With a new location opening in Florida and more European hostels on the way, Generator Hostels CEO Fredrik Korallus said the hostel model is making waves.
LOS ANGELES—Authentic, value-driven, design-forward and local are words many hoteliers are using these days to describe trends in the traditional hotel space, and they’re also words Fredrik Korallus uses to describe Generator Hostels.
As CEO of the London-based company, Korallus is bent on making hostels cool and profitable, both around the world and in North America, where the first Generator will open this year in Miami, Florida, as a conversion of a former condominium in Miami Beach on Collins Avenue.
During a meeting at the Americas Lodging Investment Summit, Korallus explained what makes the hostel model profitable and how Generator is carving its own niche.
“Generator is about the experience,” he said. “Design is one component. It’s also about bars, great music, great art, culture, book launches, art shows, fashion shows. Most importantly, it’s a community of intense social interaction.”
Sound like a lifestyle hotel brand to you? While many elements are the same, Korallus stressed that the hostel model truly does breed authenticity, largely because of its guest base, locations and programming.
“Everything we do is driven by the local community, because local food, drink and arts are what our travelers are looking for,” he said. That mantra has driven Generator to create and operate locally appealing bar and lounge concepts that are attached to the properties and attract demand from the local community.
Generator has 12 hostels open in cities like Stockholm, London, Dublin, Paris, Rome and Amsterdam, and locations in Miami and Madrid will open this year. For the three properties that opened in 2016—Amsterdam, Stockholm and Rome—Korallus said he’s “never seen a ramp-up like that.”
Generators are predominantly conversions, like the Miami property will be.
“They all have a story,” Korallus said. “For example, our Dublin location was in a whiskey distillery. We can take buildings that other brands won’t look at.”
Generator owns 12 of the 14 properties open or opening this year, while the other two operate as leases. Next up is developing the company into a management role, Korallus said.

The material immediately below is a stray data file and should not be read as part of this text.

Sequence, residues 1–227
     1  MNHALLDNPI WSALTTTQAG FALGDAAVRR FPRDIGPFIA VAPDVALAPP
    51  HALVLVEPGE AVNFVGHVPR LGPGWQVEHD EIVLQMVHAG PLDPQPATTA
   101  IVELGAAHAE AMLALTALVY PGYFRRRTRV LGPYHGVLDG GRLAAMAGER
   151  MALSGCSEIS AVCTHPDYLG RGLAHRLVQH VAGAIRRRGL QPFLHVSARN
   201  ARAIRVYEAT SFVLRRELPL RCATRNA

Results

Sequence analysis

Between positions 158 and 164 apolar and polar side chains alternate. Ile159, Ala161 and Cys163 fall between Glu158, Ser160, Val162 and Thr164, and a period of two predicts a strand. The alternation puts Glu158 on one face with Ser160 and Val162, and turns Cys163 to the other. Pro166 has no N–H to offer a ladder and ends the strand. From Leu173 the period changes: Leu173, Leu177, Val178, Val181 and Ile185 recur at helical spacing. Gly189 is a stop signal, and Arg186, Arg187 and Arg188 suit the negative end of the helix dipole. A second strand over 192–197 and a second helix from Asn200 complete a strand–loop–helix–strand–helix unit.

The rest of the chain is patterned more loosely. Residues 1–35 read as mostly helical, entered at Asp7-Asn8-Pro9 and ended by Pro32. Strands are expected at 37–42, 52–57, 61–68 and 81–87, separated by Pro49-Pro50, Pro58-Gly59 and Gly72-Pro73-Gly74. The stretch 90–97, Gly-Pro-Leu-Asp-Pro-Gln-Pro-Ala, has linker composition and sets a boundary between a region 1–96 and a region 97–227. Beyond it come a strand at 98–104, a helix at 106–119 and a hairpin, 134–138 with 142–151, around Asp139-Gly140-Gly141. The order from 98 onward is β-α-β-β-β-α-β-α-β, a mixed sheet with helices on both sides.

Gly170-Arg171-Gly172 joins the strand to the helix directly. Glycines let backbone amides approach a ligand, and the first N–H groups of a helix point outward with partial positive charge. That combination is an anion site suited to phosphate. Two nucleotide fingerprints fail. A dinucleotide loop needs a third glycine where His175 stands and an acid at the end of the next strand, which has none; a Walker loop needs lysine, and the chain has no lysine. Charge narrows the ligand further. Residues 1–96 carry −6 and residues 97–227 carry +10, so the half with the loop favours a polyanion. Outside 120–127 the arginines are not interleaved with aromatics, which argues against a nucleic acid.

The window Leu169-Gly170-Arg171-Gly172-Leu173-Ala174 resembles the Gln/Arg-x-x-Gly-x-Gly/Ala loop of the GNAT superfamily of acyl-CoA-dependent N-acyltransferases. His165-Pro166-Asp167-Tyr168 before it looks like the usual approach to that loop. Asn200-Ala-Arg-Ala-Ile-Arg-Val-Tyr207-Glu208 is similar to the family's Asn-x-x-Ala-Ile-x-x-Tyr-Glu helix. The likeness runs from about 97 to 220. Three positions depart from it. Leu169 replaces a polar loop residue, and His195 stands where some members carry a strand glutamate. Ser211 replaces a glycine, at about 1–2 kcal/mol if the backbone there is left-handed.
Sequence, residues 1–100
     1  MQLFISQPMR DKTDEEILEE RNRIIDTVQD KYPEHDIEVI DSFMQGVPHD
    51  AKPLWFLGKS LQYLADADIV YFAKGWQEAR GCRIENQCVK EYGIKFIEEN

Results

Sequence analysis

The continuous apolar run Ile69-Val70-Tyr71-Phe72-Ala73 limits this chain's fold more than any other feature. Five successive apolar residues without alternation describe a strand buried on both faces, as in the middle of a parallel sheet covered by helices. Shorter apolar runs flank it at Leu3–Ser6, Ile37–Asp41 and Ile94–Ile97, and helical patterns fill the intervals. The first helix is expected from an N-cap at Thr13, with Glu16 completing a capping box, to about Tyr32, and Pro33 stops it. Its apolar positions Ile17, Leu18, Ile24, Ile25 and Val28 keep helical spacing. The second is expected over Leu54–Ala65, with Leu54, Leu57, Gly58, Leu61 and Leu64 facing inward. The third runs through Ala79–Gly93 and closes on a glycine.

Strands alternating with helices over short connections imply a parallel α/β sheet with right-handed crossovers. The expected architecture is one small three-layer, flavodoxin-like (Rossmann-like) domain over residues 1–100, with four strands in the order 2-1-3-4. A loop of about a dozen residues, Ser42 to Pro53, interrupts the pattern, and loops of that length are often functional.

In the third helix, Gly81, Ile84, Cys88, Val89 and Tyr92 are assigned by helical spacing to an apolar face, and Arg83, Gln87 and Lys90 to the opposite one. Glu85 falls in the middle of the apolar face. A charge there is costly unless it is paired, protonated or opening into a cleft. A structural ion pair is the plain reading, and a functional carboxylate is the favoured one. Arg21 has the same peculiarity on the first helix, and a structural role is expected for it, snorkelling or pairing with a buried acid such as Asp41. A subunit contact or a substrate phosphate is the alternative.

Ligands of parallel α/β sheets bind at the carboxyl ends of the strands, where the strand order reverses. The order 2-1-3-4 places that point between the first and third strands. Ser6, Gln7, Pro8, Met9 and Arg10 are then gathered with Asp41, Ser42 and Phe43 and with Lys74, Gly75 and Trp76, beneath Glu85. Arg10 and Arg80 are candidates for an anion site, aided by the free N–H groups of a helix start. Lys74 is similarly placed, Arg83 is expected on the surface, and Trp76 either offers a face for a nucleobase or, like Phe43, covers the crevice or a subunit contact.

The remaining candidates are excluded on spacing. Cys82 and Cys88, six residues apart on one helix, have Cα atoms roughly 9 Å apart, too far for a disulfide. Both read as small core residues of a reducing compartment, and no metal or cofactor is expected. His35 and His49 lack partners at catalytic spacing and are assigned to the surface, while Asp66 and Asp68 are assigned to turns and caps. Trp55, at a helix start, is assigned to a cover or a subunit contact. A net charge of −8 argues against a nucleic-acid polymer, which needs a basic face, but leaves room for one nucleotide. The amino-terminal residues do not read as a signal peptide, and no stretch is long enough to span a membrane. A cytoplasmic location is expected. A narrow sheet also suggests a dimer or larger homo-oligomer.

“There are some markets where we may not want to deploy capital, where we’d manage where it’s appropriate,” he said, adding that franchising is not in the cards for the brand.
Location within the market is key, too. Transportation and accessibility are critical to attracting guests, and more than 90% of Generator’s guest base is in what Korallus said is “the younger end of the millennial spectrum, and now Generation Z.”
“It doesn’t mean we need to be in a city center in terms of a central business district; it means we need to be highly accessible,” he said. “We go where gentrification is going, where hipsters are going. Our guests tend to have traveled before and seen the landmarks and now they want to know where locals go.”
While experience may keep guests coming back, it’s the “model of volume” that drives the margins, Korallus said.
The average hostel size is 100 beds, he said, though Generator’s properties vary. With a revenue-per-bed model in place, Korallus said Generator’s properties average out at four people per room. Most properties have a room mix of 70% shared rooms and 30% private, which also varies by market.
“Our shared rooms vary in size from four beds to 16, and now as we develop we tend to go for four-, six- or eight-room sizes though we can be flexible,” he said.
Bathrooms are always en suite, with the bathroom, shower and sink as separate elements so guests can share the space easier. Properties offer female-only shared rooms and mixed rooms.
“The core of what we are is affordable, egalitarian access in a city center,” he said. “When we open, we tend to create new demand. If we opened in New York City, we’d be selling beds in the $50 to $100 range. Our typical guests may have previously stayed in a suburb, so we open up new demand for cities, which is good for tourism.”
In the price, guests get a bed, sheets, a towel and a locker. Everything else, including food and beverage, you bring yourself or pay for on premises. “It’s highly cash-generative,” Korallus said.
“There’s no amenity creep,” he said. “Nobody’s asking for it. Whatever they want, we can sell. Guests don’t want televisions because they bring their own content on their devices. Wi-Fi really is the most important thing. We upgrade ours every quarter because for our guests, wireless is probably more important than water.”
Korallus called this year’s Miami opening “a big deal.”
“It’s perfect for our brand,” he said. “Demand there is 30% domestic, 30% from Latin America and the rest from the rest of the world. We feel the market and customer expectations will be appropriate.”
As far as the rest of the world, Korallus and his team have identified cities where they’d like to be, like Prague, Budapest, Warsaw and Tel Aviv. And they’ve earmarked cities where they’d like to add additional properties, such as Copenhagen, Amsterdam, London, Paris and Rome. In the U.S. he likes “large urban centers with a thriving social and art scene,” like Boston, Philadelphia, New Orleans and Los Angeles.
He said U.S. travelers are the fastest-growing Generator customers right now, behind Londoners and Germans.